An estimated 22 veterans of the U.S. military commit suicide every day. That startling statistic was first reported by USA Today in February, 2013. Little has changed in the interim, but a local non-profit is trying to help veterans in the Chattanooga area. Richard Winham talked to Bobbie Allison-Standefer, co-founder of Heartland Therapeutic Programs about an innovative program called Operation Song which is helping veterans with post-traumatic stress disorder cope with life after the military.

Rod Francis, creator of the Grow Young Project, joins us for an extended conversation. The Grow Young Project is a "a free online resource for clear, unbiased fact, opinion and reviews of all things related to winding back the clock." Francis is also a mindfulness coach, and he tells us about connections between mindfulness and aging, among other topics.  

  Back in the day, Chattanooga use to be a magnet for blues musicians and other entertainers.  Now a group of visionaries hopes to once again make Chattanooga relevant in this industry and build a new music economy.  Led by Stratton Tingle, SoundCorps is a new non-profit that has been charged with being the catalyst for developing jobs, technologies, and opportunities across the broad spectrum of the music and entertainment landscape.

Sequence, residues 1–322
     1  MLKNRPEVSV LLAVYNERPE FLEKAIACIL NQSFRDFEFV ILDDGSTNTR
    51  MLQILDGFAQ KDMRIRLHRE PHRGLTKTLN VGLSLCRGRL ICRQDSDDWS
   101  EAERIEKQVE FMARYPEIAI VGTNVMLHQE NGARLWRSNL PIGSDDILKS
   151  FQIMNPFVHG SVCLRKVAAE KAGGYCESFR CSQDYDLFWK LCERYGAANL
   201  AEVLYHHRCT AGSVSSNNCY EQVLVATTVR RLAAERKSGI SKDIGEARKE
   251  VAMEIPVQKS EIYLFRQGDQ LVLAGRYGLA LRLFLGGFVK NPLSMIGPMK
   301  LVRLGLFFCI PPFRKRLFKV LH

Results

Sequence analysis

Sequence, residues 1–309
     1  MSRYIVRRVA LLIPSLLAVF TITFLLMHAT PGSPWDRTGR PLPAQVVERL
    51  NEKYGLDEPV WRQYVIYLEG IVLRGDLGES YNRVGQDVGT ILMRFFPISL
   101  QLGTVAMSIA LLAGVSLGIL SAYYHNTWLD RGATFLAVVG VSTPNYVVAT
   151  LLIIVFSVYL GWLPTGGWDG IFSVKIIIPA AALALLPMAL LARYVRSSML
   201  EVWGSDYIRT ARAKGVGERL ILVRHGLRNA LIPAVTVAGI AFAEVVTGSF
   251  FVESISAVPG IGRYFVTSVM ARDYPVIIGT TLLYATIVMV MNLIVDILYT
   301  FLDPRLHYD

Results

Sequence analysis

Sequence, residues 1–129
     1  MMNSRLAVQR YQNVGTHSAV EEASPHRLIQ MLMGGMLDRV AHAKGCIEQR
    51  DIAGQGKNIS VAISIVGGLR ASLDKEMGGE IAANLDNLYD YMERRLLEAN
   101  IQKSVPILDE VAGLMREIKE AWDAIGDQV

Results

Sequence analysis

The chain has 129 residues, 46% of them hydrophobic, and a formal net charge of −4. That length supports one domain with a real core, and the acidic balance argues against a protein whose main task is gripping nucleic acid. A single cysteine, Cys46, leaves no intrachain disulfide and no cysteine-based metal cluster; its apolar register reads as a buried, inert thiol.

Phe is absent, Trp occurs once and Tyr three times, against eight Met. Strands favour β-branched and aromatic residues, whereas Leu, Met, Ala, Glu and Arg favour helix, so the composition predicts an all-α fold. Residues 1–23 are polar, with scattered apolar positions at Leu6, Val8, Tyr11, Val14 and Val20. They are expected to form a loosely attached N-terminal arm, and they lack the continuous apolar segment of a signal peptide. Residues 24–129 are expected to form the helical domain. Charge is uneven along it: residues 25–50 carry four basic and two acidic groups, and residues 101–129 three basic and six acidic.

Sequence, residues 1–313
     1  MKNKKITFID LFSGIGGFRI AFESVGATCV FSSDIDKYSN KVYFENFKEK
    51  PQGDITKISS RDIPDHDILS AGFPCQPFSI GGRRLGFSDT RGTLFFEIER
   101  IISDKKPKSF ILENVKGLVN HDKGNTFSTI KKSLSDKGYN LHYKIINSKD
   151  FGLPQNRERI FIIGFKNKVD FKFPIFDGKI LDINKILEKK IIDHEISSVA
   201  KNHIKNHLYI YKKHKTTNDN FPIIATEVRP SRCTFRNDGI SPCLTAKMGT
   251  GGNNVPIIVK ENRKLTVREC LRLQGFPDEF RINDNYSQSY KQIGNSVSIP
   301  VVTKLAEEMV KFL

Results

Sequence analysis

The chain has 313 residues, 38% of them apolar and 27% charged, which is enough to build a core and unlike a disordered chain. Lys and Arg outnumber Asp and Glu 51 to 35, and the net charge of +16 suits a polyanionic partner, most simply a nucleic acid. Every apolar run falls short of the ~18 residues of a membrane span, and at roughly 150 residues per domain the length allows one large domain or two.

On this episode, Stratton unveils SoundCorps' vision in his talk with Start It Up Host Monty Bruell.  

U.S. NAVY PHOTO BY MASS COMMUNICATION SPECIALIST 2ND CLASS JUSTIN WOLPERT

  Five months after the shooting rampage at two military centers here in Chattanooga, the U.S. Navy is announcing it will award Purple Hearts to service members who were wounded or killed.